Articles
 
8th Wisconsin: The “Old Abe” Regiment
by Ann Andersson
January 15th, 2012
 
The Eighth Regiment was organized at Camp Randall, Madison, and its muster into the United States service completed on the 13th of September, 1861, and on the 12th of October, it left the State for St. Louis. Arriving at St. Louis on the 14th of October,
 
“Just Retribution,” the Federal Burning of Prentiss, Mississippi, September 1862
by Chris Wehner
June 29th, 2011
 
Summer of 1862 Brig. Gen. Samuel R. Curtis’s Army of the Southwest reached Helena, Arkansas, on July 12, after a grueling and toilsome march.
 
Supplier to the Confederacy: Isaac Campbell & Co, London
by Ann Andersson
January 14th, 2011
 
The story of Jewish entrepreneur Samuel Isaac and his founding of the commission house of S. Isaac, Campbell & Co in London in the 1850s.
 
Into Rebeldom: How the Physical Journey South Impacted Union Soldiers
by Chris Wehner
November 29th, 2009
 
According to historian Aaron Sheehan-Dean the study of the Civil War soldier is best achieved when focused on the “interconnections” of “motivation, experience, and effect.”
 
Book Review: The Judas Field
by Caleb Klingler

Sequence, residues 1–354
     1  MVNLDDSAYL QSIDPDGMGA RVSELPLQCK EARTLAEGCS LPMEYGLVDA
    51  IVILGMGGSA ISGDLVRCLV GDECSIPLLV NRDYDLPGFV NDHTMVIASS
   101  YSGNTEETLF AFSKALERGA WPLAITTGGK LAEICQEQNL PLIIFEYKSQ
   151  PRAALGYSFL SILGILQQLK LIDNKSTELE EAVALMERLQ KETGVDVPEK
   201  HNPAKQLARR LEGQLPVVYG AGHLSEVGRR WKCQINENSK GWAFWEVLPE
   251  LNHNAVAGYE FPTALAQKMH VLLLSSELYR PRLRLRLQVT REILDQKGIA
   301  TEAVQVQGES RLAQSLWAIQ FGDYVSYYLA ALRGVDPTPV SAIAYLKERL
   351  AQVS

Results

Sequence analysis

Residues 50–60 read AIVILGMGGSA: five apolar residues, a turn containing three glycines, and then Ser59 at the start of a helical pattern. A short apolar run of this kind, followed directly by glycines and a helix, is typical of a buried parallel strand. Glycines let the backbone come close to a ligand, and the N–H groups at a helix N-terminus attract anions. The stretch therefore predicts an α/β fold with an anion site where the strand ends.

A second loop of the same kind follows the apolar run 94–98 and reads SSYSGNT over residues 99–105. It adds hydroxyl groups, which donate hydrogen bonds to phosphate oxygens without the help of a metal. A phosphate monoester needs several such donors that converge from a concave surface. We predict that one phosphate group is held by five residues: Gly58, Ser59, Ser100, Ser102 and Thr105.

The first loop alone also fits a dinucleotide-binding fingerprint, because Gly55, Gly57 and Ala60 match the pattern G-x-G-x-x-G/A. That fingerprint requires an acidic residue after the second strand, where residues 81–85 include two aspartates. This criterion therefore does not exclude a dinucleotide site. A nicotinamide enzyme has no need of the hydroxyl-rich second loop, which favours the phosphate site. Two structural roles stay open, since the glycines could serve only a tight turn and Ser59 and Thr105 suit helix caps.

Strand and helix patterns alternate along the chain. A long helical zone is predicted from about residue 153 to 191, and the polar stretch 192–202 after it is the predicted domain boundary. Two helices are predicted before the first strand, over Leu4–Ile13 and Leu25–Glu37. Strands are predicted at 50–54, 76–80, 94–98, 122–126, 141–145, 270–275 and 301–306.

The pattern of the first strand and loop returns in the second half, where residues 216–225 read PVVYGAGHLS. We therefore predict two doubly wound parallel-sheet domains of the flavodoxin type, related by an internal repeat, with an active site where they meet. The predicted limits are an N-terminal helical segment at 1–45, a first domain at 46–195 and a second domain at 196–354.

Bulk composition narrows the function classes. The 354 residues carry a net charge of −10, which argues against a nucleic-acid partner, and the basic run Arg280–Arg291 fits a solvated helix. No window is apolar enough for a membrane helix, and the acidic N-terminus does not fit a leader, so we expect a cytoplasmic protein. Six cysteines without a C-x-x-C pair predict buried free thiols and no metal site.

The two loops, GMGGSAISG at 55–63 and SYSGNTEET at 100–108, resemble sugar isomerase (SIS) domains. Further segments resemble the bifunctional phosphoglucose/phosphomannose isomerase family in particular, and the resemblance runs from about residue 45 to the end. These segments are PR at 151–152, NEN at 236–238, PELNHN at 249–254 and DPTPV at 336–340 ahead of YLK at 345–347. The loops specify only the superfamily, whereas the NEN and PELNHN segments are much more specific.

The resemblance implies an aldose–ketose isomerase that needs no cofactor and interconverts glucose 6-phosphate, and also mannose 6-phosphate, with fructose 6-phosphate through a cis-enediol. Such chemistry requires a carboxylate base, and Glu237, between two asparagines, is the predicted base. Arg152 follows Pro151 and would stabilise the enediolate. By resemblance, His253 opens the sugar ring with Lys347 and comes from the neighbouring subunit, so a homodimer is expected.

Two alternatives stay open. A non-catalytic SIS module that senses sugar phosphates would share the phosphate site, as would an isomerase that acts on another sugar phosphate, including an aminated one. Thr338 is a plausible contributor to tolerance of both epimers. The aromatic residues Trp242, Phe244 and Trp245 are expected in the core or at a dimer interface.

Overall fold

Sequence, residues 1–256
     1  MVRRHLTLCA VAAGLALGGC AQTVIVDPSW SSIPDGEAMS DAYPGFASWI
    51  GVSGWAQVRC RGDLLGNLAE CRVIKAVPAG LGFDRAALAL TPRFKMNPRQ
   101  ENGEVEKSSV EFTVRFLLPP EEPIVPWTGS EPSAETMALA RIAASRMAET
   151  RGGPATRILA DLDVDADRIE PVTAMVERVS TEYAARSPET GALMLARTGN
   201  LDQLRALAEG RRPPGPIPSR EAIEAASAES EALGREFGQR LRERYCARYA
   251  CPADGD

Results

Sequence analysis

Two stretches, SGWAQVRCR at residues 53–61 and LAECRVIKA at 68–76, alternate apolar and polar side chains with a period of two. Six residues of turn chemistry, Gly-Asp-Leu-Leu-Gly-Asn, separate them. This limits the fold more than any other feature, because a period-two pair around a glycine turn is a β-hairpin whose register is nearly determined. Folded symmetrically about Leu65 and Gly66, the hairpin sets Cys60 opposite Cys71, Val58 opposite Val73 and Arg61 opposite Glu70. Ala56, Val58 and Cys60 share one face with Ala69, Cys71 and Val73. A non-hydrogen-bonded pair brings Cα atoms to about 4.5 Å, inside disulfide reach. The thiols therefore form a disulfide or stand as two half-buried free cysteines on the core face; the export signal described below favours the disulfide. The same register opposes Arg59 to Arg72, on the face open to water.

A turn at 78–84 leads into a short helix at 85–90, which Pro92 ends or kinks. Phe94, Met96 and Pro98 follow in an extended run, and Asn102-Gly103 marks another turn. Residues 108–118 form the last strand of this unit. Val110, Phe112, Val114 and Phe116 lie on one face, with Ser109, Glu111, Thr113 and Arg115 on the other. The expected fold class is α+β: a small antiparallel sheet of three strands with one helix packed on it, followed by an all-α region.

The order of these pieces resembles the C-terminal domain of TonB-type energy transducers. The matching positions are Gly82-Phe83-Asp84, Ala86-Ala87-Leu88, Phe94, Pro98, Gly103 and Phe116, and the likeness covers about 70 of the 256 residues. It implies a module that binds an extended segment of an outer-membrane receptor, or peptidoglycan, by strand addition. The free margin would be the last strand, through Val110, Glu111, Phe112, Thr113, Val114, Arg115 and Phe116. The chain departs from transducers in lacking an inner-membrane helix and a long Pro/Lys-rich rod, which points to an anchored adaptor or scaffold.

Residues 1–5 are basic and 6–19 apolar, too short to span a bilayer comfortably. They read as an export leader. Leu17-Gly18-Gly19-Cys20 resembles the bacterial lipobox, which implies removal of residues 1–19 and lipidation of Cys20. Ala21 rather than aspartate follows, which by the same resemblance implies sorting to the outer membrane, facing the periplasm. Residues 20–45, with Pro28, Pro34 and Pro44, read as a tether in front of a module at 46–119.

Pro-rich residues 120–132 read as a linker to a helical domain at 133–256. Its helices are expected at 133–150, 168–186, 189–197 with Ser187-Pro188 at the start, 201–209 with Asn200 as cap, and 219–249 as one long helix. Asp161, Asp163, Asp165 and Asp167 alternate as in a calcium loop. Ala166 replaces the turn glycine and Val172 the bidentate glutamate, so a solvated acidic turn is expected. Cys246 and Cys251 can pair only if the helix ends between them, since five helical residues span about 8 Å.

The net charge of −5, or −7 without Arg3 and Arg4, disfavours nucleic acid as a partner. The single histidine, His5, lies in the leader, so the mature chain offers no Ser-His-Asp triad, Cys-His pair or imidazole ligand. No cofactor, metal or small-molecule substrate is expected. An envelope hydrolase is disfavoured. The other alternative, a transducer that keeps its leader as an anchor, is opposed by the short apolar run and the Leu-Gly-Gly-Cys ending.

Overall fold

June 10th, 2009
 
In Howard Bahr’s latest novel, The Judas Field, he continues his popular theme of a Confederate soldier retelling harrowing experiences of the American Civil War. Each of first two popular titles, The Black Flower and The Year of Jubilo, narrates a soldie
 
Union - Troops Furnished and Deaths
by Soldier Studies Article
March 16th, 2009
 
Data on loss of Union soldiers, state to state, and type of death.
 
Civil War Tactics
by Soldier Studies Article
March 8th, 2009
 
Tactics is the military art of maneuvering troops on the field of battle to achieve victory in combat. 'Offensive tactics" seek success through attacking; "defensive tactics" aim at defeating enemy attacks.
 
The Art of War (Machiavelli, Vauban, and Frederick )
by Soldier Studies Article
March 8th, 2009
 
Civil War Implications of Tactics By Dr. Ernest Butner
 
Caring for the Men: The History of Civil War Medicine
by Soldier Studies Article
March 8th, 2009
 
When the war began, the United States Army medical staff consisted of only the surgeon general, thirty surgeons, and eighty-three assistant surgeons.
 
Civil War Pensions
by Soldier Studies Article
March 8th, 2009
 
At the close of the Revolutionary War, the United States government began administering a limited pension system to soldiers wounded during active military service or veterans and their widows pleading dire Poverty.
 
IN SEARCH OF A SOUTHERN MANIFEST DESTINY: Sibley's Brigade - The Confederate Army of New Mexico
by Robert Thompson
March 1st, 2009
 
In early 1862, the Confederate Army of New Mexico invaded the New Mexico Territory in an attempt to secure the American West for the Confederacy, but nothing was gained but misery and suffering for the soldiers of the army.
 
Company E
by Caleb Klingler
February 28th, 2009
 
The American Civil War proved to be the most violent and catastrophic events in American History. Historians are only beginning to understand fully the horror of the Civil War battlefields.
 

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